POSTED: 1:30 a.m. HST, Aug 3, 2010
LAST UPDATED: 2:57 p.m. HST, Aug 3, 2010
Kirk Caldwell led all mayoral candidates in fundraising for the first six months of 2010 and heads into the final 48 days of the campaign with $295,000 left to spend.
Caldwell, the former city managing director who became acting mayor on July 20, raised $303,000 in the first half of the year and raised $645,000 for the campaign so far, according to finance reports filed yesterday with the state Campaign Spending Commission. His total includes a $50,000 loan from himself.
Former Honolulu Prosecutor Peter Carlisle was a close second, having raised $215,000 during the reporting period. He has raised $303,000 for the campaign and still has $248,000 with no campaign debt.
University of Hawaii engineering professor Panos Prevedouros and City Councilman Rod Tam also are running in the winner-take-all special election to fill the final two years in the term vacated by Mufi Hannemann.
The vote is being held in conjunction with the Sept. 18 primary election.
"There may be other candidates in the race who at this point are better known, but between these fundraising numbers and the endorsements he has received ... it is evident that acting Mayor Caldwell is the candidate with the support needed to win," Kim Devlin, Caldwell's campaign manager, said in a news release.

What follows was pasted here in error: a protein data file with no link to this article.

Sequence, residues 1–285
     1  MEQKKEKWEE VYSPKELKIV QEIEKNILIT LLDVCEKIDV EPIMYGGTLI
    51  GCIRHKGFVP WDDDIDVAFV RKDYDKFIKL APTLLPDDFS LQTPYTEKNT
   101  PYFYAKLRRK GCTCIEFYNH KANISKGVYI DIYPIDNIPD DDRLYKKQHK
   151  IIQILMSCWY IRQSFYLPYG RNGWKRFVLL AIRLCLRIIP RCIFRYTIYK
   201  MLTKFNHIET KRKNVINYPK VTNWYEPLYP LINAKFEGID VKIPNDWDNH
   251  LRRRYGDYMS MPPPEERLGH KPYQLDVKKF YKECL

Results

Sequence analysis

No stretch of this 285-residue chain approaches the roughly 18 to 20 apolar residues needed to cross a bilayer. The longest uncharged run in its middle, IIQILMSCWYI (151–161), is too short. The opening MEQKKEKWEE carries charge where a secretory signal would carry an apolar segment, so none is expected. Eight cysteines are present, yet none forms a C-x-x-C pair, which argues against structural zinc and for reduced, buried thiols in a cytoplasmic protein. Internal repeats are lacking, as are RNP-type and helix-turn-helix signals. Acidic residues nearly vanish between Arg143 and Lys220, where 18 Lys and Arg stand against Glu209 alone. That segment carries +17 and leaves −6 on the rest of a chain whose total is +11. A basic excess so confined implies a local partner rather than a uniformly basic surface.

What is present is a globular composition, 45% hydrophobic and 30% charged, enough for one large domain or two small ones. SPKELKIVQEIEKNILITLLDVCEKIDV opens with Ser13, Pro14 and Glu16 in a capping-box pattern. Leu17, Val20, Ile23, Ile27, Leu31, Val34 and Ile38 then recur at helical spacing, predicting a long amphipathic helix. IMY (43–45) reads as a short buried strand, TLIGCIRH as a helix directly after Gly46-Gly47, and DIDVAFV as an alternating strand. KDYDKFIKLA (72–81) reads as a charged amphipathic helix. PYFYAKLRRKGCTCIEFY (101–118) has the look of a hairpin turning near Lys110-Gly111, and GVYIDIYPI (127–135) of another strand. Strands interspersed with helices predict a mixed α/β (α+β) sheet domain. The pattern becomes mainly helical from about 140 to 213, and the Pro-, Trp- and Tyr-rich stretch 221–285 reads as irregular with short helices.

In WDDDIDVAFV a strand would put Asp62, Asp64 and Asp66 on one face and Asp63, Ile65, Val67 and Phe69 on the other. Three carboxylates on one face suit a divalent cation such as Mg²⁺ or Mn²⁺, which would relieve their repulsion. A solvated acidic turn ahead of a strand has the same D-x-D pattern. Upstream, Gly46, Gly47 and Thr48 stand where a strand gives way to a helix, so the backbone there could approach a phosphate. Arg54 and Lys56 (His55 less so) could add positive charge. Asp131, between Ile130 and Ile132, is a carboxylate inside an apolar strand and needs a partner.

Caldwell also was the top spender in the six-month reporting period, using $285,000 on ads, research and other campaign-related expenses. Carlisle, who served as prosecutor from 1996 until last month, when he resigned to run for mayor, spent $39,000.
"Clearly, with 48 days there's enough right now to get us almost to the finish line, but not enough," Carlisle said. "Frankly, since he's raised more than us, I think we should continue our efforts to raise as much as possible.
"We have to fight right to the bitter end, and that's what we're going to do."
Prevedouros raised $34,000 in the first six months of 2010 and has $19,000 on hand, with about $10,000 in campaign debt.
The UH professor is in his second mayoral campaign, after having come up short in the primary two years ago.
"It's much tougher," he said of the current campaign. "The donors are coming but with much smaller amounts.
Prevedouros said he hopes to raise $100,000 for the campaign to break even.
Tam's spending report was not online by late yesterday afternoon. Candidates had until midnight to file their reports.
(For the reports, go to: https://nc.csc.hawaii.gov/CFSPublic/ReportList.php